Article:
How much string should be cut from a 200 m string reel for a 97 sq in frame?

How much string should I cut from my Hyper G 16 reel (200 m) for a 97 sq. inch Wilson ProStaff RF97A- going for 1 piece (2 knots) string job with a full bed of Hyper G?

Most of the stringers usually suggest to go for 40 feet, but I guess that recommendation might be based off of a 100 sq inch frame.
 
Actually, he suggested me that I should go less than 40' as I have two 97 sq in frames and one 95 sq in frame (all 16 X 19 pattern). But, I don't know how less can I go for the 97 sq in.
 

1HBHfanatic

Legend
-dont cut the string!!
-put your name on the REEL and give it to the stringer
-they will be responsible for getting you the reel back
-i can string a PS racquet with 34-35' on 1pc, and 36-37' on 2pc,, but then again, ive been doing this for many years now
-some stringers might need a bit more/less, depending on their own personal experience and know how
 
I've been doing that for a few years now, but now I feel I want to start stringing my own rackets. I got some pointers from my stringer but he said that I could go below 40' for my 97 sq in frames.
 

esgee48

G.O.A.T.
I have records for the PS 97, which says 35'-36'. Pull the length and do not cut in two. Install the SS without tensioning to make sure you have at least 4"-8" extra. Now install and tension the mains. One piece requires an ATW and requires 35'. Tie off the mains. Now cut the string and start from the top with a starting knot. I probably could have done 2 piece with 35', but being cautious.
 
Thanks for the detailed instructions! Appreciate it!
I checked up the Wilson stringing guide, almost similar to what you said, just doesn't exactly tell how much string is actually needed for the 97 sq in frame. According to what you and others have implied, it seems like 36' seems like a good starting point.
 

esm

Hall of Fame
one of the guys i string for uses V13 PS97, he only uses syn gut and i can get away with 9' for the SS and 23' for the LS. poly should add 1' per side.
 

OldManStan

Rookie
This is the most fool-proof way I’ve found to measure strings.

We’ll use a 16x19 racquet and polyester strings as the example.

Mains:
Measure out 16.5 lengths from the top of the frame to the throat. You should have the perfect amount. For synthetic gut, 16.25 should be plenty.

Crosses: Measure out 19.5 lengths from the widest part of the crosses. I use a starting clamp to start the crosses and tension the first cross after 4-5 crosses. A starting knot is OK as well if you prefer that method.
 

GuilhermeG

Rookie
This is the most fool-proof way I’ve found to measure strings.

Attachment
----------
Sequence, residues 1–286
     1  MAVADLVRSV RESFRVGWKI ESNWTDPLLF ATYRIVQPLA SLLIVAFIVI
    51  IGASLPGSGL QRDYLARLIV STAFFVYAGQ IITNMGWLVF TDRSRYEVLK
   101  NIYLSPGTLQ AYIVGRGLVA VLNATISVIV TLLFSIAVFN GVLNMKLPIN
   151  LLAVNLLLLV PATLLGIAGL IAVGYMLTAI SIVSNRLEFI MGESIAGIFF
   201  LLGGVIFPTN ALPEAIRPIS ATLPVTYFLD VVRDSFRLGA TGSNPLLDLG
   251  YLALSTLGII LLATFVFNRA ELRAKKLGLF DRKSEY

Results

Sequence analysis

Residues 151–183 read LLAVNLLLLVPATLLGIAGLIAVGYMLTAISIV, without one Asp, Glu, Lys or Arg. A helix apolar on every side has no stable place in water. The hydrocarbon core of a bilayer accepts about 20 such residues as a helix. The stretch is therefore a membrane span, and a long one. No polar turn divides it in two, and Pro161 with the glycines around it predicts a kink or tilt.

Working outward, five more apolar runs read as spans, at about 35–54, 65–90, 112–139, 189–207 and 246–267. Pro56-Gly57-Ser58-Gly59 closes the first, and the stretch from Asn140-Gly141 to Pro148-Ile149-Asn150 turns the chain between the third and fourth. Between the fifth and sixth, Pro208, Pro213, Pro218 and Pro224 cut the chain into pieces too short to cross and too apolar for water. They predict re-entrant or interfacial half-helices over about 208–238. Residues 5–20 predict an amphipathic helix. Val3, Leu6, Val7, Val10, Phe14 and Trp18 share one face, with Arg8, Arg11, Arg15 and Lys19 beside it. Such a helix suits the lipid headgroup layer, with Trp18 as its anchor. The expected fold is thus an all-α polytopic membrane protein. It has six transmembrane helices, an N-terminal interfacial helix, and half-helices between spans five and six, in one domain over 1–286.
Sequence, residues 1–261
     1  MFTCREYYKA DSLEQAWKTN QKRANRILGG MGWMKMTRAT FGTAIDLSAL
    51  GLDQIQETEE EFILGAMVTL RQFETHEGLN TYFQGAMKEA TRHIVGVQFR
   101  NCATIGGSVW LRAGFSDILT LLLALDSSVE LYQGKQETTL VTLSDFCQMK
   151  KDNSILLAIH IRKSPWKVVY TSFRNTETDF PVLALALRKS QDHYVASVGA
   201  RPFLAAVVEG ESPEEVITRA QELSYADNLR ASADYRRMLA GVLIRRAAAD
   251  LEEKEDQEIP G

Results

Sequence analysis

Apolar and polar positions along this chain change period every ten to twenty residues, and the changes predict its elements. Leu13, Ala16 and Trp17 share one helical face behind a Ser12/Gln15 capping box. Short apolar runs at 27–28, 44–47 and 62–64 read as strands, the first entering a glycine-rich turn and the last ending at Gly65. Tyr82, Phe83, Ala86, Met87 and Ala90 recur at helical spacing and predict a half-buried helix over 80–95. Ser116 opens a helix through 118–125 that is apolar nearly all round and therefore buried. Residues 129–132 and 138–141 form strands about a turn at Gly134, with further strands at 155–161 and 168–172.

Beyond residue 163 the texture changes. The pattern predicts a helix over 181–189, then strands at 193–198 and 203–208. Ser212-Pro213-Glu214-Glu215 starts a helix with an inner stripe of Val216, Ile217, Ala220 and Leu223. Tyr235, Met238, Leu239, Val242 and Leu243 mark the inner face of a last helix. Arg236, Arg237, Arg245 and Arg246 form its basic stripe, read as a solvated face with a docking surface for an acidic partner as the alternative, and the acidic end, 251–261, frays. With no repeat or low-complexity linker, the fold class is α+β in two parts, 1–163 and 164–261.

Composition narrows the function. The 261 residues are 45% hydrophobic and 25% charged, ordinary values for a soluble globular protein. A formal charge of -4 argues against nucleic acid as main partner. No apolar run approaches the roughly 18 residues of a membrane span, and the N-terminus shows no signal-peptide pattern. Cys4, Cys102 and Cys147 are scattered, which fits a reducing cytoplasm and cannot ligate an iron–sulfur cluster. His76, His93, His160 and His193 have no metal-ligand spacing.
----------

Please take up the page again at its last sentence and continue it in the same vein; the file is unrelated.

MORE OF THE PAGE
We’ll use a 16x19 racquet and polyester strings as the example.

Mains:
Measure out 16.5 lengths from the top of the frame to the throat. You should have the perfect amount. For synthetic gut, 16.25 should be plenty.

Crosses: Measure out 19.5 lengths from the widest part of the crosses. I use a starting clamp to start the crosses and tension the first cross after 4-5 crosses. A starting knot is OK as well if you prefer that method.
I use the same method, but I actually go 20/22 measures when I string an 18x20 racquet.
I recently had the bad experience of trying a lower tension and running out of string on the last cross, so now I'm being more cautious whenever I try something new. Might go for 23 or 24 lenghts for crosses next time.
 
This is as straightforward as it can get. But with just 0.5 length more, is there enough string length to go around outside of the frame and then through the grommets?
 
I use the same method, but I actually go 20/22 measures when I string an 18x20 racquet.
I recently had the bad experience of trying a lower tension and running out of string on the last cross, so now I'm being more cautious whenever I try something new. Might go for 23 or 24 lenghts for crosses next time.

I am also concerned about this as well, otherwise this method is really simple!
 

nochuola

Rookie
I assume you'll be stringing the same racquet multiple times in the future. You can use this time to find out exactly how much you need. Measure a safe amount that would definitely be enough (40' or 20' + 20', or 4 of your wingspans...etc), doesn't really matter what method you want to go with. String the racquet and keep whatever you end up cutting after stringing. Measure the extra and subtract from whatever you original had, and now you know exactly how much you need next time (obviously add back some length for pulling tension).
 

Curtennis

Semi-Pro
The most important thing you can do is just cut into what’s going to be an even number into the roll.
If you have 200 feet, why not just cut 40 feet every time? That’s 5 jobs.
Maybe I’m just dense but I’m not sure what cutting 37 is going to get you. Another 15 feet? Maybe enough to do some crosses? Sounds like way more trouble than it’s worth.

Edit: 200m roll… same point still applies 656 total feet. 38 feet gets you one more full string job. 37 feet adds no additional value and 39, you may as well stay at 40.